Egypt summoned the Israeli envoy in Cairo to the Foreign Ministry on Thursday to protest against excavations by the Jewish state near Jerusalem's most sacred Muslim shrine.
The Egyptian Foreign Ministry said in a statement it told the Israeli ambassador, Shalom Cohen, that the excavations could hurt efforts to revive the long-stalled Israeli-Palestinian peace process.
"The Foreign Ministry also stressed that the sacredness of the site makes any movement inside or around it a very sensitive issue for Arab and Muslim peoples, in a way that could cause the situation to explode," the statement said.
Egypt's top Muslim cleric, Sheikh Mohamed Sayed Tantawi, on Wednesday called the Israeli excavations a "sinful aggression" and appealed for global action to protect the shrine, Islam's third holiest site.
Tantawi is the Grand Sheikh of al-Azhar mosque, one of the oldest and most prominent seats of Muslim religious thinking.
Israeli police go on high alertThe police have increased their alertness throughout the country, and particularly in Jerusalem, in light of growing tensions surrounding excavation works near the Temple Mount.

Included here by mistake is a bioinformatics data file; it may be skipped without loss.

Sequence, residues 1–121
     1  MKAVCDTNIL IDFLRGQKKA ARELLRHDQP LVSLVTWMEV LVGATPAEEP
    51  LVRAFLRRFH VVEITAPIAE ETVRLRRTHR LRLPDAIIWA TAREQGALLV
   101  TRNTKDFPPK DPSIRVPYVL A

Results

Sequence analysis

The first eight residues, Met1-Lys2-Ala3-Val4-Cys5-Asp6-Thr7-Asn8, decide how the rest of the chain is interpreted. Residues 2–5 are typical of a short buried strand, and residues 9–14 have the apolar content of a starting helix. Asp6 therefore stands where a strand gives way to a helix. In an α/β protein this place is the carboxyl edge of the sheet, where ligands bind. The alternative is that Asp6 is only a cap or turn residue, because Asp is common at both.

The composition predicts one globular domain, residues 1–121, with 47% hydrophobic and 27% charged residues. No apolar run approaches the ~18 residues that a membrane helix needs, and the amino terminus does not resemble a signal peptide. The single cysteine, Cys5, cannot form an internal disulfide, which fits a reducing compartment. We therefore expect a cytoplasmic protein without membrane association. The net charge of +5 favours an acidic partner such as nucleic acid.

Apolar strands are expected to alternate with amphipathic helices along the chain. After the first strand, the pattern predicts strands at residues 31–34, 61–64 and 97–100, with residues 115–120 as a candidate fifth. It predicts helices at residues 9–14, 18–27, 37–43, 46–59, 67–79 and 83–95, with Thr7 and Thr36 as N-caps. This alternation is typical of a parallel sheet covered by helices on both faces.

In a meeting held by Police Commissioner Moshe Karadi Thursday, it was decided to increase the alert level in the capital ahead of the Friday noon prayers.
Police officials fear that Palestinians will attempt to carry out terror attacks in response to the Mugrabi Gate dig, and that riots will break out in the capital and other places.
Karadi has ordered police and Border Guard forces to deploy in massive numbers in crowded places, open markets, shopping areas, and main traffic routes along the seam line Friday.
Jerusalem Mayor Uri Lupolianski invited Adnan Husseini, head of the Muslim waqf, for a meeting following the tensions surrounding the construction works near the Temple Mount.
Lupolianski said that the coexistence in Jerusalem can only be maintained through dialogue.
Avi Cohen contributed to the report